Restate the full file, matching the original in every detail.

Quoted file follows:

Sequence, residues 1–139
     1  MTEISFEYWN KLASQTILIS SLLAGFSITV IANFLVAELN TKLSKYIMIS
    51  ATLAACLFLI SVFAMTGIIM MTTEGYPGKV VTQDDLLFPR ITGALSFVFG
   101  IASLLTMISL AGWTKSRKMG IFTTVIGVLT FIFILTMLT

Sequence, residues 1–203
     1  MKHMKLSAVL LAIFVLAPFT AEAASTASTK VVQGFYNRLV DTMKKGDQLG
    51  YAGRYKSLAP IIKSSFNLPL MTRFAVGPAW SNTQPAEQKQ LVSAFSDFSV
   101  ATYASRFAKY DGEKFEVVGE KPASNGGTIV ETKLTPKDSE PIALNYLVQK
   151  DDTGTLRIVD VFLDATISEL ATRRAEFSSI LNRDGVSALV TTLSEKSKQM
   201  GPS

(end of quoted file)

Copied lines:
Sequence, residues 1–139
     1  MTEISFEYWN KLASQTILIS SLLAGFSITV IANFLVAELN TKLSKYIMIS
    51  ATLAACLFLI SVFAMTGIIM MTTEGYPGKV VTQDDLLFPR ITGALSFVFG
   101  IASLLTMISL AGWTKSRKMG IFTTVIGVLT FIFILTMLT

Sequence, residues 1–203
     1  MKHMKLSAVL LAIFVLAPFT AEAASTASTK VVQGFYNRLV DTMKKGDQLG
    51  YAGRYKSLAP IIKSSFNLPL MTRFAVGPAW SNTQPAEQKQ LVSAFSDFSV
   101  ATYASRFAKY DGEKFEVVGE KPASNGGTIV ETKLTPKDSE PIALNYLVQK
   151  DDTGTLRIVD VFLDATISEL ATRRAEFSSI LNRDGVSALV TTLSEKSKQM
   201  GPS